Recent decades have seen a decline in economic growth and innovation, and one important cause is poorly-designed government policies.
Large swaths of the American economy are distorted by government mandates and incentives, and the vast majority of binding “laws” are not enacted by our elected representatives in Congress, but are promulgated by agencies as regulations.
Disagreement over government policy is inevitable in a society where people’s values, opinions, incomes, and interests vary widely, and when the breadth of government has grown substantially.
While the goals of most regulatory programs enjoy broad public support, in practice regulation usually comes down to detailed rules and lots of paperwork that can be highly costly and burdensome to those who must comply with them.
But all of us pay for federal regulations through higher prices, fewer available products, services, and opportunities, and stifled wages or job opportunities.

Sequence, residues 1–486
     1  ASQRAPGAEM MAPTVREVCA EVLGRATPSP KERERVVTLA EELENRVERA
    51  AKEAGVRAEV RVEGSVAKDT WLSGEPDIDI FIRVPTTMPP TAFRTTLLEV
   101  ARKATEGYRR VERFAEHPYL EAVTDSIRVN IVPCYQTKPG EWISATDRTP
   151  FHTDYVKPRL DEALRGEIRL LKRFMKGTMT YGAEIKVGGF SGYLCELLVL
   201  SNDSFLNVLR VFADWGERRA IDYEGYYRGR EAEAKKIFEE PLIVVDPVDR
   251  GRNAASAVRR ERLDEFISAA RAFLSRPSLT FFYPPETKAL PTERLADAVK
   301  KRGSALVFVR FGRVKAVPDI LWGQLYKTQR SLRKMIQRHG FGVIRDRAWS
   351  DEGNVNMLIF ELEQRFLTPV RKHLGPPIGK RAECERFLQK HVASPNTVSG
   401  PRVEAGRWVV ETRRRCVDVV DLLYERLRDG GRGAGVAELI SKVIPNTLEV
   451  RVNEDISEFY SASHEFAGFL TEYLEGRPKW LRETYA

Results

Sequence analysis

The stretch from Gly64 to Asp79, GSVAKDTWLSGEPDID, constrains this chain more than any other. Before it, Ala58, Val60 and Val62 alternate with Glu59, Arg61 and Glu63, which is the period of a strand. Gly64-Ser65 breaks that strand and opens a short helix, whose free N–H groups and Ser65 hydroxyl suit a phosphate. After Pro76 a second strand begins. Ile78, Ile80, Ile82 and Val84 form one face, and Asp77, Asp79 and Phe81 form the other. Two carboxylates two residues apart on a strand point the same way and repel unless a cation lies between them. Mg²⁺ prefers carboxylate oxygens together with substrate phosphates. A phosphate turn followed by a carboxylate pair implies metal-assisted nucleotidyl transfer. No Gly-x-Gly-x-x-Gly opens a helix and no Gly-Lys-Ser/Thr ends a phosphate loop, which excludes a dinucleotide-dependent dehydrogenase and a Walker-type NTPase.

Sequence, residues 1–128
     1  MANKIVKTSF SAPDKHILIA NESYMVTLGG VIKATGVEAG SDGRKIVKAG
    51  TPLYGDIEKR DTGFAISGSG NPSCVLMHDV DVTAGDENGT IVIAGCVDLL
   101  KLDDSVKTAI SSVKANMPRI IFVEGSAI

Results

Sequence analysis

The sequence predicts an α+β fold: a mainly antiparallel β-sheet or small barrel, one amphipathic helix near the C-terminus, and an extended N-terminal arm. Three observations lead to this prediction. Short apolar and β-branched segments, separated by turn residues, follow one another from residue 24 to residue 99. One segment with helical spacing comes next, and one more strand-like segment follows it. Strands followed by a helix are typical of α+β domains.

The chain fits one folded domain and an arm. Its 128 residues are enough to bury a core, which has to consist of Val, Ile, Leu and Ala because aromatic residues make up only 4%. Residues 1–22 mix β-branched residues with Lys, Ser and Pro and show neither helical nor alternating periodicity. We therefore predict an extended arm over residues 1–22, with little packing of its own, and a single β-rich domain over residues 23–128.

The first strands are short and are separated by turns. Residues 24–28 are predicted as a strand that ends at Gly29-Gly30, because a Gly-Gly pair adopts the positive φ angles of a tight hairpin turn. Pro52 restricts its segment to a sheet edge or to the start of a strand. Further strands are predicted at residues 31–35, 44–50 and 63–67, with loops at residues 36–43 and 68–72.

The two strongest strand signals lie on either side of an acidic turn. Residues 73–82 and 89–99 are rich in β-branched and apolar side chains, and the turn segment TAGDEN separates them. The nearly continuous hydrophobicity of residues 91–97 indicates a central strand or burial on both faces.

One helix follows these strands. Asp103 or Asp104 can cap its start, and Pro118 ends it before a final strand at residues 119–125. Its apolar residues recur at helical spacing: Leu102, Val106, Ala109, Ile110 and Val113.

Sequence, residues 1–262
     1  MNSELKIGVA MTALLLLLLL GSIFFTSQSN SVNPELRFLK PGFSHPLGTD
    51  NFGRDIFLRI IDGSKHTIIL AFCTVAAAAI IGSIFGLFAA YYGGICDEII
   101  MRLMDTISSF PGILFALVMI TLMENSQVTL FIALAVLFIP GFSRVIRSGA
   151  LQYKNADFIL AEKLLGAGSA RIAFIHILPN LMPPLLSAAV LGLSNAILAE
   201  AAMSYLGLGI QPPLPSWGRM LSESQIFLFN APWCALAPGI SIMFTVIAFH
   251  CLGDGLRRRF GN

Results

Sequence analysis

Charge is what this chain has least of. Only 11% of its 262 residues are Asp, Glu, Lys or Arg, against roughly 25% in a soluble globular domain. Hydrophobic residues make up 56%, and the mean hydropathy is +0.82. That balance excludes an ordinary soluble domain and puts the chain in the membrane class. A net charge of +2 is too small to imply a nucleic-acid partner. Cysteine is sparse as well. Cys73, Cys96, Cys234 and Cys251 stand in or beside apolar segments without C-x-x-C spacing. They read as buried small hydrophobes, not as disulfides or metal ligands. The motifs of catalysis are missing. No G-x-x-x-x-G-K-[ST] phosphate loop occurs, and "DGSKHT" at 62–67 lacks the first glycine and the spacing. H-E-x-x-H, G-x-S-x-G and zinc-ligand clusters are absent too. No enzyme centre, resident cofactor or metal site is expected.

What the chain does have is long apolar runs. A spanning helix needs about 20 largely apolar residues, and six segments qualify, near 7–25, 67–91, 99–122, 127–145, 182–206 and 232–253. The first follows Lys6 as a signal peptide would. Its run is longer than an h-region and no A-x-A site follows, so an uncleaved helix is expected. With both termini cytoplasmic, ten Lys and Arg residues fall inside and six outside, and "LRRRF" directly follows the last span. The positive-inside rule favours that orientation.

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The costs of regulation are never “absorbed” by businesses; they always fall on real people.
For citizens to intelligently hold elected officials accountable, however, policies’ benefits and costs must be visible.
While policies effected through both spending and regulatory programs provide benefits to Americans, the costs associated with regulatory programs are much less transparent than their on-budget counterparts.
These costs are like stealth taxation, and because they are assumed to fall on businesses (even though individual consumers and workers ultimately bear them), regulatory tools may seem preferable to direct spending programs for accomplishing an agency’s policy objectives.
Further, regulations have the force of law, but Congress usually just sets broad regulatory goals by statute, and delegates the power to write and enforce detailed rules to specialized regulatory agencies.